It’s almost Don Fambrough speech time at Kansas University, which means that it is a particularly good time to be a Jayhawk football player.
When the former Kansas coach and player makes his way over to the Jayhawks’ locker room, as he does every year during the week of the annual Border War matchup between Kansas and rival Missouri, things tend to get interesting.
The annual speech Fambrough bestows upon Kansas players is widely considered one of the most anticipated moments of the season.
The heart of the talk remains the same each year, although a few added wrinkles keep things interesting. Historical accuracies do not appear overly important, as Fambrough has contended that Civil War guerrilla leader William Quantrill is a graduate of the University of Missouri.
At its most basic level, the speech is a profanity-laced motivational tool that uses both humor and intensity to hammer home a point — that point being, it is very, very, very important that Kansas beats Missouri.
So notorious are Fambrough’s speeches, in fact, that current Kansas coach Mark Mangino felt it necessary this week to issue a disclaimer of sorts.
“He is a private citizen, and he’s entitled to his own opinion,” joked the coach during his meeting with reporters on Tuesday. “His opinion does not reflect KU football or Mark Mangino’s opinion.”
Fambrough is a local hero, a former Kansas head coach, a symbol of the oldest rivalry west of the Mississippi River, a nod to old-school values, a lifelong Kansas supporter and a very swell guy if you don’t happen to live 35 or more minutes east of Lawrence.
And the jewels that have rained from his mouth over the years tend to stick in the memories of players long after the speech has ended.
There’s the time Fambrough jokingly — or maybe not-so-jokingly — implied that, due to the similarities in their last names, it was fair to assume that Kansas senior center Ryan Cantrell was a distant offspring of Quantrill.
Or the time he was recounting the story of how Quantrill and his men stormed into Lawrence and proceeded to rape the town’s women and kill its horses. Problem was, the old coach got a little mixed up in his fiery state, and inadvertently changed a few words around. This resulted in a worked-up Fambrough telling a locker room full of players and coaches that Quantrill had raped the town’s horses and killed its women.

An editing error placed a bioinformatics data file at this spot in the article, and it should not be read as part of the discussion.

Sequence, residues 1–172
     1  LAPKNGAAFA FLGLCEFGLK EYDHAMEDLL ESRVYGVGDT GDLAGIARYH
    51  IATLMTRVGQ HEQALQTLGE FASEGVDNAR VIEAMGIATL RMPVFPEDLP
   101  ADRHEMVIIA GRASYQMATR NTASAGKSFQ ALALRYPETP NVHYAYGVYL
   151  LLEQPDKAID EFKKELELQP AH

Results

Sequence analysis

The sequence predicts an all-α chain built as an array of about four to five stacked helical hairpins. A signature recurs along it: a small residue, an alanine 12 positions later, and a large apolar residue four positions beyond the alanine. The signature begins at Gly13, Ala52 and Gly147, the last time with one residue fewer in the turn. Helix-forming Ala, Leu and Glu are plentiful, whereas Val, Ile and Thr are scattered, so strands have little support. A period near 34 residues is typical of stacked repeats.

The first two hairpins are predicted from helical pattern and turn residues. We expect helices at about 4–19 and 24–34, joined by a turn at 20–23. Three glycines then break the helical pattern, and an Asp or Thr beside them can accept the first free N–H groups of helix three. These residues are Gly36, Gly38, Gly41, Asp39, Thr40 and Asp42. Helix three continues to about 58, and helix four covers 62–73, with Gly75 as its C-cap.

“The kids were like, ‘Wow! That was a mean guy!’” says KU defensive coordinator Clint Bowen.
As you might imagine, such proclamations from an 86-year-old man tend to warrant quite a reaction from the team’s first-year players, most of whom are untrained in the School of Fambrough.
The result is lots of slack jaws and looks of disbelief.
“I didn’t know too much (about him) when I was a freshman,” junior cornerback Justin Thornton said. “I just knew that he used to coach here at KU. And then he got on his spiel about Mizzou, and I was like, ‘Oh yeah, that man has some fire about this rivalry.’”
Even quarterback Todd Reesing, unflappable as he is on Saturday afternoons, was taken aback the first time he witnessed this elderly gentleman spewing venom.
“You’ve got this old guy coming in, and he’s just getting fired up,” Reesing said. “He starts trotting back and forth and huffing and puffing. The first time, you’re kind of like, ‘Oh my God, is he really doing this?’ But it’s pretty cool to see.”
Older players, meanwhile, have come to rely on certain aspects of the speech. A staple is the story of how, during a JV football game in Columbia years ago, then-coach Fambrough discovered the Missouri chain gang was altering the length of the first-down marker to give the Tigers a significant advantage. This realization did not sit especially well with the coach, who responded by blitzing on three straight plays.
You know, to prove a point.
Senior defensive end John Larson insists the team purposely schedules Fambrough’s speech early in the week of the Missouri game in order to keep the players from getting too jacked up too close to game day.
“If he was in the (locker room) beforehand,” says Larson, “I don’t know what would happen.”
To a man, players insist the speech works wonders for motivation, and this year’s version, like each one before it, is highly anticipated — although players have been forced to wait longer than usual for their annual treat. Fambrough, felled by a recent bout with the flu, was in bed Wednesday afternoon and forced to cancel his scheduled meeting with the team.
It was unclear earlier this week whether he would be able to give the talk at all, but if history tells us anything, it’s that Fambrough is not likely to let a little cough get in the way of an opportunity to bash Missouri football.
“We’re trying to work him back in here before we leave for the game, and I think we will,” Mangino said following the team’s practice Wednesday afternoon. “This is a big game for him. He’ll be ready to go.”